Dr. C. Fred Williams, superintendent of the S.C. State Hospital from 1915 to 1945, encouraged a program to educate the public about mental illness, its causes, and methods of prevention. The first clinic to provide services for the mentally ill who did not need hospitalization was opened at the S.C. State Hospital in 1920. The first permanent outpatient clinic opened in Columbia in 1923.


Dr. William Peter Beckman joined the S.C. State Hospital staff in 1925 and two years later became director of the Mental Hygiene Department. He traveled throughout the state for 23 years holding one-day clinics for the mentally ill. Many people came to recognize his Model-T Ford on the rugged South Carolina roads and highways.


World War II came, and the State Hospital staff was so depleted the clinics began to suffer. On Nov. 1, 1943, Dr. Williams closed all clinics for the remainder of the war.


Reopening of the clinics were delayed until late 1947 because of the lack of adequately trained personnel. As clinics continued to grow over the state, the need for state and federal funding increased. This aid came in 1946 with the passage of Public Law 487 and in 1952 with passage of the Mental Health Act.


By 1957, clinics were operating in Charleston, Greenville, Richland, Spartanburg, Darlington, and Florence counties.


In 1964, the S.C. Department of Mental Health was created as an independent agency of state government to develop a more comprehensive system, which combined medical care and treatment with expanded community services, mental health education, consultation, professional training, and research.


Dr. William S. Hall became the first State Commissioner of Mental Health. Under his guidance from 1964 to 1985, a comprehensive, statewide mental health care delivery system emerged and grew to encompass 10 major inpatient facilities and 17 community mental health centers with more than 6,000 employees.


During the 1970s, South Carolina experienced a number of firsts: the establishment of a transitional living project to help patients return to the community after long hospital stays; a facility for psychiatric patients who need long-term care; a program for autistic children; and an alcohol and drug addiction treatment center.


In the 1970s, the department created the position of ombudsman and a system of advocates to protect patients' rights and privileges.


Although the 1980s began with great promise, those hopes were short-lived. The 1980 Mental Health Systems Act, which promised new resources and refocused federal support, was effectively repealed by the Omnibus Budget Reconciliation Act of 1981.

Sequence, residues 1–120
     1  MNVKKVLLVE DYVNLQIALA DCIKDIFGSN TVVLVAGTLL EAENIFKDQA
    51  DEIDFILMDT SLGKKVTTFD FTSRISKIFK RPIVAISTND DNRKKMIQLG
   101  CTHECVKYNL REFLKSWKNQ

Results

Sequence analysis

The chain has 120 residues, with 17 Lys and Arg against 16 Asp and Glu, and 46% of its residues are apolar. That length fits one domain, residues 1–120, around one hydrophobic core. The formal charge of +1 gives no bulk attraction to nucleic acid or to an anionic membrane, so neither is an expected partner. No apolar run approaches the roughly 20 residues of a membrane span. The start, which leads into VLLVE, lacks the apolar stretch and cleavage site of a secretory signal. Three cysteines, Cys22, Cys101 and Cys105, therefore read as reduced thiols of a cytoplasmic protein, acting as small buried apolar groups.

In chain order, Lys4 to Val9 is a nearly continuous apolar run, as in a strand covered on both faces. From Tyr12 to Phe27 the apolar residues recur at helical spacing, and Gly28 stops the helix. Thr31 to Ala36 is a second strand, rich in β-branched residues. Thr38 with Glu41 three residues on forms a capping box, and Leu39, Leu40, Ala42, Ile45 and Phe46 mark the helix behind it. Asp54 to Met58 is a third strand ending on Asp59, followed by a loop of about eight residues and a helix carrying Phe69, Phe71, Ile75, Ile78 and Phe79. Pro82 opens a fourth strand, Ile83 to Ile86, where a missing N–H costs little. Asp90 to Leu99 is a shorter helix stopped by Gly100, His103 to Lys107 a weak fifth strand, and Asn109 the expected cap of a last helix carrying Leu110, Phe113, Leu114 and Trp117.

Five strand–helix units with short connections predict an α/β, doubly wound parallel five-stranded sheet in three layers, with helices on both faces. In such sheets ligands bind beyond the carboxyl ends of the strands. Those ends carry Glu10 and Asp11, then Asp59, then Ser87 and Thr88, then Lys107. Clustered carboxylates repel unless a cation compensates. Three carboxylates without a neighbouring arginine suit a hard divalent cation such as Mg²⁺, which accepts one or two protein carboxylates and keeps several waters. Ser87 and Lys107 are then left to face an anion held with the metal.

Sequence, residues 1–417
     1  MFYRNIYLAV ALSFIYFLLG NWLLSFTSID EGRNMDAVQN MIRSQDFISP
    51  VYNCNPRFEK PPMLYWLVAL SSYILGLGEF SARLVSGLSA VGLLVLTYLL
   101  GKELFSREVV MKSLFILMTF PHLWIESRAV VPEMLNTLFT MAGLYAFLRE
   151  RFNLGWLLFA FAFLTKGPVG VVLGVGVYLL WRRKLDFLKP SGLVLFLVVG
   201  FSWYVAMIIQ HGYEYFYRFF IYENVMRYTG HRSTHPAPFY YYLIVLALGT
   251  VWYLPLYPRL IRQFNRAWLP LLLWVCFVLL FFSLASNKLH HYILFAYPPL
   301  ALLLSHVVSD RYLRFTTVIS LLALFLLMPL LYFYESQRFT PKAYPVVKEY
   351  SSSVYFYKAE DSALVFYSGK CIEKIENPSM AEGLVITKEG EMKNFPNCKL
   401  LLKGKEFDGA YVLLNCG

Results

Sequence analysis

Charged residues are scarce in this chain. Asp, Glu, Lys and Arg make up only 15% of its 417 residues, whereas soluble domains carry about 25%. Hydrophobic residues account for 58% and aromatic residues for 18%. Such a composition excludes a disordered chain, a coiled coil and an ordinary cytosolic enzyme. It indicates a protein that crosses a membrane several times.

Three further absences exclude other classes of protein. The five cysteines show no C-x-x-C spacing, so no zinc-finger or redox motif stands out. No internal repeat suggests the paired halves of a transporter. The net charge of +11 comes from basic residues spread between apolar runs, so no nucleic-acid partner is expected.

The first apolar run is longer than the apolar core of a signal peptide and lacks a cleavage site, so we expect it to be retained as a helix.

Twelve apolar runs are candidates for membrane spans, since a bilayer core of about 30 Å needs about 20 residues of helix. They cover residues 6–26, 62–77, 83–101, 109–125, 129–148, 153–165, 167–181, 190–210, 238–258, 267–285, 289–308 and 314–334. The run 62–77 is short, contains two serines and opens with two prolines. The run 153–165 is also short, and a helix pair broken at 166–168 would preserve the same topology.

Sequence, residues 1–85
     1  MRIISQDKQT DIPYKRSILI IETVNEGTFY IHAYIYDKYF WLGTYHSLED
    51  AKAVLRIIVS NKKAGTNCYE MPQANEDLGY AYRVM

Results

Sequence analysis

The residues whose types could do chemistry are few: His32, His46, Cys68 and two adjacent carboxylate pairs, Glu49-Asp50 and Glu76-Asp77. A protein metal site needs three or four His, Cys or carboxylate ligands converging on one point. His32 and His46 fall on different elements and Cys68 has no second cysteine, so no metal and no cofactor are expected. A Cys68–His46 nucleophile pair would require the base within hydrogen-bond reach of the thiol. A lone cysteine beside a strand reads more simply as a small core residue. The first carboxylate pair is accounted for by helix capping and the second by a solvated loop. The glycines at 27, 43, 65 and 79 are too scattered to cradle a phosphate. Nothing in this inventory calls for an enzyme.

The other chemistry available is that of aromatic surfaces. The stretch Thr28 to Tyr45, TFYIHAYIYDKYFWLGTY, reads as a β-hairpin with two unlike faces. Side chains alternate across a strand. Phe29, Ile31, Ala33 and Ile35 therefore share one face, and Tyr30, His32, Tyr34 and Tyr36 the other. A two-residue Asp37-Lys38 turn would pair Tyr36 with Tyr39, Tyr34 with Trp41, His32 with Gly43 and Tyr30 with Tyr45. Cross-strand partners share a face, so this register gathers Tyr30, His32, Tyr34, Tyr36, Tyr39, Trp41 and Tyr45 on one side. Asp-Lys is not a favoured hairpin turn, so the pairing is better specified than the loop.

Joseph J. Bevilacqua, Ph.D., became the state commissioner of mental health in 1985. Under his leadership, the department supported the Toward Local Care view that patients treated in the community do much better clinically. They get better faster and stay better longer when they receive services in their community, if such programs are reasonably funded, well organized, and easily available.


This year the S.C. State Hospital and Crafts-Farrow State Hospital consolidated their services and moved patients from Crafts-Farrow to the State Hospital campus. This consolidation resulted in the organization of the Division of Psychiatric Rehabilitation Services comprised of 410 beds. Today, entire floors, wards, and cottages on the Columbia campus are closed or are used for administrative offices.


Last year the S.C. Department of Mental Health served 90,492 clients in its 17 community mental health centers and 13,422 in its five psychiatric hospitals.


This brief account of the S.C. Department of Mental Health's illustrious history has only skimmed the surface of a deep and abiding commitment to provide quality services to people with mental illnesses. It is our hope that the next century will see continued development of local mental health care and that greater acceptance will allow people with mental illnesses to live with dignity and as independently as they are able.